Lonergan Graduate Fellowships
Lonergan Institute

Lonergan Graduate Fellowships

Support of Lonergan scholarship on the graduate level  continues with the award of two Lonergan Graduate Fellowships in Fall  2012. The purpose of the award is to support scholars on a  graduate level who are preparing a thesis on Lonergan's work, which  lends itself to studies that bridge theology and the sciences, with  human studies and methodological issues. Thesis development is reviewed  by the Institute's director, Msgr. Richard M. Liddy, a noted Lonergan  scholar.

About the Fellows:

  • Nancy Lennon PhotoNancy Lennon – Doctoral Candidate,  Educational Administration, Seton Hall University

    'The purpose of this qualitative study is to investigate how professors  infuse critical thinking into their college courses. In the new  millennium, critical thinking is an important goal to teach in  college. Seton Hall University has developed a Core Curriculum,  which consists of three required Core (Signature) courses, Journey of  Transformation, Christianity and Culture in Dialogue, and Engaging the  World, to support its strong commitment to teaching critical thinking  to undergraduate students.

    In order to gain a greater understanding of how professors infuse  critical thinking into Core courses, it is necessary to become familiar  with how the Core Committee, which developed guidelines for infusing  critical thinking as one of the core proficiencies, views the  definition of critical thinking. The Core Committee conception of  defining critical thinking is based upon Bernard Lonergan's cognitive  theory, which formulates thinking about thinking (meta cognition) in  terms of dynamic structure, where thinking revolved around the parts of  the whole cognitive process, so human knowing interacts with one's  experience, understanding and judgment.

    In light of understanding Lonergan's thinking through the lens of a  dynamic structure, Lonergan's (GEM) General Empirical Method is rooted  in all levels of cognitive processes of experiencing, understanding,  judging and deciding/acting as a method to teach critical thinking,  this researcher has created a matrix to reveal how the levels of  cognitive processes of experiencing, understanding, judging and  deciding/acting can be infused and interacts as a method in and among  all the three Core (Signature) courses.

    The most decisive question for this study continues to evolve with more  questions and coheres with Lonergan's General Empirical Method  as: how does this researcher think about the method generated by  the research from this qualitative study on how professors infuse  critical thinking into college courses?'

  • Suzanne Geronimi PhotoSuzanne Geronimi – Master of Theology,  Biblical Track, Seton Hall.

    'Like Lonergan, I began my studies in economics, receiving both my  undergraduate and graduate degrees in that field. My career has  focused on international trade and I currently work in consulting,  focusing on import/export trade regulations. My position has  allowed me the opportunity to travel extensively as a speaker on  international supply chain management, and my insight of free trade  agreements and trade barriers has helped me better understand some of  the social injustices caused by our global trading patterns.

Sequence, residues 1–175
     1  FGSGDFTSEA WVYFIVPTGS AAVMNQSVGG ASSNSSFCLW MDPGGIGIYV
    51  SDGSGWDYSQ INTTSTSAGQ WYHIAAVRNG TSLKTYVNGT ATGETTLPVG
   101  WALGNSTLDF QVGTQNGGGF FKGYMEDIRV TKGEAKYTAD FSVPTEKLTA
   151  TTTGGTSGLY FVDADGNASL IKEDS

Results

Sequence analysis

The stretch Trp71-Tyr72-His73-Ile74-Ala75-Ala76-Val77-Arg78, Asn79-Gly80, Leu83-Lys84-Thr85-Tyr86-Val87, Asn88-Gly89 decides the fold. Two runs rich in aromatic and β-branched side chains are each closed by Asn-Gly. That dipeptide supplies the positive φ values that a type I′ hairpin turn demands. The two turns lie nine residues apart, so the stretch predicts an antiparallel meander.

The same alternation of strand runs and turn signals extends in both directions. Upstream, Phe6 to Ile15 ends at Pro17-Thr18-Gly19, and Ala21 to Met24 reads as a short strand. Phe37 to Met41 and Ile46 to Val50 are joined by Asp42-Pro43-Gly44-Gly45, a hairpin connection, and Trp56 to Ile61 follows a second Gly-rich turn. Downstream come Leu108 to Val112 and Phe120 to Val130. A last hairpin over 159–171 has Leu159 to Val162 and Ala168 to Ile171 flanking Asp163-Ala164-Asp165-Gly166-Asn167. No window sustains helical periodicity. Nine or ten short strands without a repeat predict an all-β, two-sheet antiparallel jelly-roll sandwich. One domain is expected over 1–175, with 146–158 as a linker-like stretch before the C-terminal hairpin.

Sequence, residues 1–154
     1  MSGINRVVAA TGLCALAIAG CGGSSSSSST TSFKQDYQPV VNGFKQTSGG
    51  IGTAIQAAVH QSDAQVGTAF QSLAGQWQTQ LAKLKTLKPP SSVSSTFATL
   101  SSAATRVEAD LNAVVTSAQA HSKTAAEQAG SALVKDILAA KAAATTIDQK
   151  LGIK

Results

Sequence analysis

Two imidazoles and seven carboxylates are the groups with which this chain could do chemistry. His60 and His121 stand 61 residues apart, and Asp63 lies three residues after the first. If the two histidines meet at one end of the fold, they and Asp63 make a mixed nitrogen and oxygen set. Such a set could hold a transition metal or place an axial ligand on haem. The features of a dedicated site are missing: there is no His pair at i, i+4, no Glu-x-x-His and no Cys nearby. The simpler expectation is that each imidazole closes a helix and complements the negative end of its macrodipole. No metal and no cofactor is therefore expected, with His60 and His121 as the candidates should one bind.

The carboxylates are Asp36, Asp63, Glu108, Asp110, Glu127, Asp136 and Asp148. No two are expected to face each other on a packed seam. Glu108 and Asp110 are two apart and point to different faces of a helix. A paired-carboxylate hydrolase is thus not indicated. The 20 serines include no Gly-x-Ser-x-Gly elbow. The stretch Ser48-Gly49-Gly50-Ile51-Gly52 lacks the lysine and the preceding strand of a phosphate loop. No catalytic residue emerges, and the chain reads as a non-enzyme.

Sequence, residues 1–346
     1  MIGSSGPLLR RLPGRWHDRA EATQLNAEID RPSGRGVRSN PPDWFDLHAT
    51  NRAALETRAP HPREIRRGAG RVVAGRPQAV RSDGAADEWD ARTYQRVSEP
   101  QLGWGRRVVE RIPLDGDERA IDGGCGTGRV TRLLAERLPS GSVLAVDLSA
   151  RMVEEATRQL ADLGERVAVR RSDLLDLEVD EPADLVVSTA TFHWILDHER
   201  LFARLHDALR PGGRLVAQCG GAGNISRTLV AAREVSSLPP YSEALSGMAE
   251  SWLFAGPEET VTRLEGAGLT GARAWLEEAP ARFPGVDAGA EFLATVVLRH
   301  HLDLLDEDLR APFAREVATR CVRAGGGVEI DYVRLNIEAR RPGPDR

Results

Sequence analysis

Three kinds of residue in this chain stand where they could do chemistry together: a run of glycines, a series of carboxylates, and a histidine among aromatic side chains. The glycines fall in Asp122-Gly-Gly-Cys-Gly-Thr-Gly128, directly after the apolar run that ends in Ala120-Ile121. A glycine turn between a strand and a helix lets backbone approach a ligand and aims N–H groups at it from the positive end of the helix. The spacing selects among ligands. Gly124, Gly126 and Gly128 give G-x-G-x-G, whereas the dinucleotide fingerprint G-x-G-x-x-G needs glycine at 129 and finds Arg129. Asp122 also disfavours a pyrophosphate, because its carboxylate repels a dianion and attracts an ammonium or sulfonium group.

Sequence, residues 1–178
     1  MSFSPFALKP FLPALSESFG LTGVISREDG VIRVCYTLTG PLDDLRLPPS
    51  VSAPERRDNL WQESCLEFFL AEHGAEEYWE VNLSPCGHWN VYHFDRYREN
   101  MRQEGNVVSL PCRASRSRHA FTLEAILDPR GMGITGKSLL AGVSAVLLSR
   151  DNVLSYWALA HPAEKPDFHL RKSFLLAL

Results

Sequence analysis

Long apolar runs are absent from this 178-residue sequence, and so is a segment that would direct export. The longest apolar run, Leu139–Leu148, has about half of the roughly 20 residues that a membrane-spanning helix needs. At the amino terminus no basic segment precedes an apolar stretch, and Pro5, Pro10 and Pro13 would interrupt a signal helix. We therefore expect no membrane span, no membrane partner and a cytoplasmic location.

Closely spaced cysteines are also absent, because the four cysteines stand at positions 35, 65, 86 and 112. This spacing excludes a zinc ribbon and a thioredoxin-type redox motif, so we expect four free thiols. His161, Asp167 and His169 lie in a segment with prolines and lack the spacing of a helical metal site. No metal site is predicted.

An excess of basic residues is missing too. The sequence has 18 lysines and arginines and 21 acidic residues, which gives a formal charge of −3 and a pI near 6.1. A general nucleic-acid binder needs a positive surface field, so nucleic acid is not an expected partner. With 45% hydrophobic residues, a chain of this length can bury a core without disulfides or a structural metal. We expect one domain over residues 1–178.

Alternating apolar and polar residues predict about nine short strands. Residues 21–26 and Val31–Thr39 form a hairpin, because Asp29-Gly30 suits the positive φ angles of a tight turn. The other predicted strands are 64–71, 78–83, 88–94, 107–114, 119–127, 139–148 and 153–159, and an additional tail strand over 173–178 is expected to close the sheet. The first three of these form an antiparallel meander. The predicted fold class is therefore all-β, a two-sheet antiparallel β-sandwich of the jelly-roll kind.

Studying the Trinity in my coursework increased my interest in Bernard  Lonergan's work in this area. My thesis would be focused on  Lonergan's work on the Trinity with the goal of uniting his work with  the contemporary problem of living in a secular world. This would  form the basis of inspiring a renewed interest and appreciation for the  saving grace of the Trinity and a contemporary way to teach methods in  today's world that would inspire Christians to embrace and promote the  Trinity as the center of their lives."

Summer Research Fellows Program

In Summer of 2011, the program was begun to support young  scholars with opportunity to devote time to their study and  advancement of the thought of Bernard J. Lonergan. The  first Summer Fellow, Gregory Floyd, is a PhD candidate at Boston  College working in Contemporary Philosophy of Religion and Lonergan  Studies. He is interested in Lonergan's thought about the  possibility and nature of philosophic discourse on God.

The Lonergan Summer Research Fellow is awarded a stipend  to assist in the academic and administrative tasks of the Lonergan  Institute, including the editing and production of the Lonergan  Review. Time is provided for independent research and scholarship  which is supported by the bibliographic and faculty resources available  through the Institute.

Contact Us

Bernard J. Lonergan Institute
(973) 275-2407
(973) 275-2175
Fax (973) 275-2594
lonerganinstitute@shu.edu
Walsh Library Rm. 428

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